Starting with the basics, the FCC rules (stemming from Section 315 of the Communications Act) prohibit broadcasters from censoring the content of advertising that is a “use” by a candidate. Essentially, that means that the broadcaster cannot reject an ad that is sponsored by the candidate or the candidate’s official campaign committee, if that ad has the recognizable voice or image of the candidate somewhere in the course of the ad. No matter how outrageous the statement of the candidate may be, the station cannot refuse to run the ad (with the limited instance of ads that are legally obscene or which otherwise may violate some Federal felony statute). So, even if an ad by a candidate may be totally untrue in claims made about the candidate’s opponent, or even if it could give rise to other civil liability (for instance if it is defamatory or a copyright violation), the station cannot refuse to run the ad.
In recent days, we’ve been writing about political broadcasting topics in anticipation of the November election. We provided a refresher on the basics of lowest unit charges on Monday, and equal opportunities on Wednesday. Today, we’ll look at reasonable access – how much time must stations sell to political candidates (or give to them if they would rather meet their obligations through free time, which few stations are willing to do). Reasonable access requires broadcasters to make reasonable amounts of time available to candidates for Federal office – in all classes and dayparts on all commercial broadcast stations (noncommercial stations were exempted by Congress about a decade ago when candidates started to demand free time on these stations). With the expected onslaught of political advertising coming up in most battleground states, stations fearful of having to devote all of their commercial time to election advertising wonder just how much time is reasonable?
The FCC leaves the determination as to what is “reasonable” to the reasonable discretion of the station, as long as access is provided to all classes and dayparts on the station. The discretion, though, is to be exercised in coordination with the political candidates themselves. For Federal candidates, stations should not put up-front limits (e.g. in a political rate card or on a political disclosure statement) as to how many spots they will sell to any Federal candidate in any specified period of time. Instead, stations are supposed to engage in a give and take with the candidate, accessing the candidate’s needs and desires and weighing them against the needs of the station to provide advertising to other clients. After hearing the needs of the candidates, it is up to the station to reach a determination as to what is reasonable. If stations give candidates at least some access to all classes and dayparts on their stations, even if it is not as much as the candidate wants, stations have traditionally been given the benefit of the doubt by the FCC.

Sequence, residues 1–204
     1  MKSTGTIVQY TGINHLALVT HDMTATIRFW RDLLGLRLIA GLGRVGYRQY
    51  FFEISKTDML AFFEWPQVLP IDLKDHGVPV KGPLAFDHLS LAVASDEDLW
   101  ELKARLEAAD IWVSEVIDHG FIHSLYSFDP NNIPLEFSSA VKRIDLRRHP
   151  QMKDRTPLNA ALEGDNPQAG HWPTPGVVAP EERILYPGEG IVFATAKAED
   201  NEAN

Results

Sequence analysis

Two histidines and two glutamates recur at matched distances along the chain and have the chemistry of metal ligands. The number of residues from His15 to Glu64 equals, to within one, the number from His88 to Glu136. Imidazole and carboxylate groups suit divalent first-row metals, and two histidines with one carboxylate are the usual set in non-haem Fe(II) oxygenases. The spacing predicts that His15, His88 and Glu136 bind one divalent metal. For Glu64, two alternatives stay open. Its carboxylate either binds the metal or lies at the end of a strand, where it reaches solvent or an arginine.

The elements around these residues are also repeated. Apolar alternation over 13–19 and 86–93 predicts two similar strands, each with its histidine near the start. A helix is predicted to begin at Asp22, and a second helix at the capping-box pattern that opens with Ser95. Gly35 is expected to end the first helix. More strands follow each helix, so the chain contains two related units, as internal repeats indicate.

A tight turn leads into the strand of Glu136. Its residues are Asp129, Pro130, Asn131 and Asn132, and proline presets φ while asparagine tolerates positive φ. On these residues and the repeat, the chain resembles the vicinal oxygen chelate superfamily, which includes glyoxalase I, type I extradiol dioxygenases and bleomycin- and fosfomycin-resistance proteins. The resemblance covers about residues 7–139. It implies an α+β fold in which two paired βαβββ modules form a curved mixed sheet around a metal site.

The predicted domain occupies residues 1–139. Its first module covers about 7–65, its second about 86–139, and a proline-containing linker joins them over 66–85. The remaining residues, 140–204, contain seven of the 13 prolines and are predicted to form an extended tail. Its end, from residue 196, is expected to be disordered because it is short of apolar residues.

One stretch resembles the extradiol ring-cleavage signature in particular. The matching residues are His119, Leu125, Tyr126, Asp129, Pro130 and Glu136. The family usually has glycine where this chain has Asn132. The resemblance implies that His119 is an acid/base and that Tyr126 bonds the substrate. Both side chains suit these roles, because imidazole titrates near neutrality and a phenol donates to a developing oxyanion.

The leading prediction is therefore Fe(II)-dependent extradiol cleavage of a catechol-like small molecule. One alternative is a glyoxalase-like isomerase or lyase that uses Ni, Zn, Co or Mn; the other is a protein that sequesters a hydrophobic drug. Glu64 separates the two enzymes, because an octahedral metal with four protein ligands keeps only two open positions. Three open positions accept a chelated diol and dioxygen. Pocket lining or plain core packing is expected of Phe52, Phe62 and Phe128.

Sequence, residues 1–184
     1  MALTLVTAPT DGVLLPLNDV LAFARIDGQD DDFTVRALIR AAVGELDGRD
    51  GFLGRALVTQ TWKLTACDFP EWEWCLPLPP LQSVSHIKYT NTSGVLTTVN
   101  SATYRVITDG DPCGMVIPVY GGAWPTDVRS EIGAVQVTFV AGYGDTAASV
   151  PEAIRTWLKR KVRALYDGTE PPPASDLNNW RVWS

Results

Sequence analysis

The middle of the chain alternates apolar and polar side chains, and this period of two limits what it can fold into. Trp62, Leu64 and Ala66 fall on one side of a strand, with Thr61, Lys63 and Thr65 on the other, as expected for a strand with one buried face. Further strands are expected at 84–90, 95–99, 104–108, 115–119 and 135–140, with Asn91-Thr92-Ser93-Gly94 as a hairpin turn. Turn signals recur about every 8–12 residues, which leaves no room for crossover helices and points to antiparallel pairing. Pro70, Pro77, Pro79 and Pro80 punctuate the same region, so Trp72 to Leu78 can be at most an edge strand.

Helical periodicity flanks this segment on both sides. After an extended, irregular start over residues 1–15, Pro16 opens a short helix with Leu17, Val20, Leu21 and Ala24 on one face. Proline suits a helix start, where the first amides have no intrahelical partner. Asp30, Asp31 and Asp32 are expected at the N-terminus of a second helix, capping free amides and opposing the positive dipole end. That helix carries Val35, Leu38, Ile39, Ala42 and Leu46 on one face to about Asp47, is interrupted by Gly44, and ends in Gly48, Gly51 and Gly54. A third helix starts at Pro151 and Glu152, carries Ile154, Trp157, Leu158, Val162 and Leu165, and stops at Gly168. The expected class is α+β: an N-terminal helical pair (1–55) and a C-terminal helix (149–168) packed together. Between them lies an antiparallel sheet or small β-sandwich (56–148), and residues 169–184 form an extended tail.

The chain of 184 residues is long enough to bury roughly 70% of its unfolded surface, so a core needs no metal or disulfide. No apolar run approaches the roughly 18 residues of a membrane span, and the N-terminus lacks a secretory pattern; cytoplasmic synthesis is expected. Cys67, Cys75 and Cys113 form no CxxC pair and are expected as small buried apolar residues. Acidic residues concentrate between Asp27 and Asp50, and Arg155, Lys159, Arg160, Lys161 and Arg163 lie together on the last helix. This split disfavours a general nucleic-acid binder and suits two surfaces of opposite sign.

Now that we are in the political window, we’re doing a series on the basics of the FCC’s political broadcasting rules. On Monday, we covered lowest unit charges. Today’s topic is equal opportunities. Many think of this as a straight-forward issue – just requiring that you provide equal time to competing candidates. But the nuances are what makes equal opportunities much more complicated.
At its most basic level, stations are supposed to treat competing candidates in the same way. Most people think of the issues arising to the extent that stations need to give time to all candidates for an office when they give any candidate air time. In most cases, the free airtime given by stations is not an issue, as there are many programs and appearances by candidates that are exempt from equal time. For instance, the appearance of a candidate in a regularly scheduled bona fide news or news interview program, or in on-the-spot coverage of a news event, is exempt from equal time. As we’ve written before many times (e.g. here and here), that exemption has been broadened to include any program on a station that is editorially under the control of the station, that does not use time for a partisan purpose (but uses some good faith quasi-journalist or newsworthiness discretion as to who to include in the program), and which regularly covers issues in the station’s service area. The exemption has been interpreted to include programs as diverse as Entertainment Tonight, The Howard Stern Show, and Phil Donahue. For most station, any program that features talk (whether it be a radio morning show or a local TV program), and which from time to time interviews newsmakers, can also interview candidates without having to deal with equal time issues. Thus, concerns about giving free equal time usually only arise when a candidate appears in some scripted entertainment program (like in the days that Ronald Reagan and Arnold Schwarzenegger movies were pulled from TV stations whenever they ran for office), or perhaps in a sports program (though the recent appearances of Presidential candidates in football pre-game shows demonstrates that, even in some sports programs, the interview of a candidate may not give rise to any equal time issue). But there are other places that the equal opportunities doctrine is still important.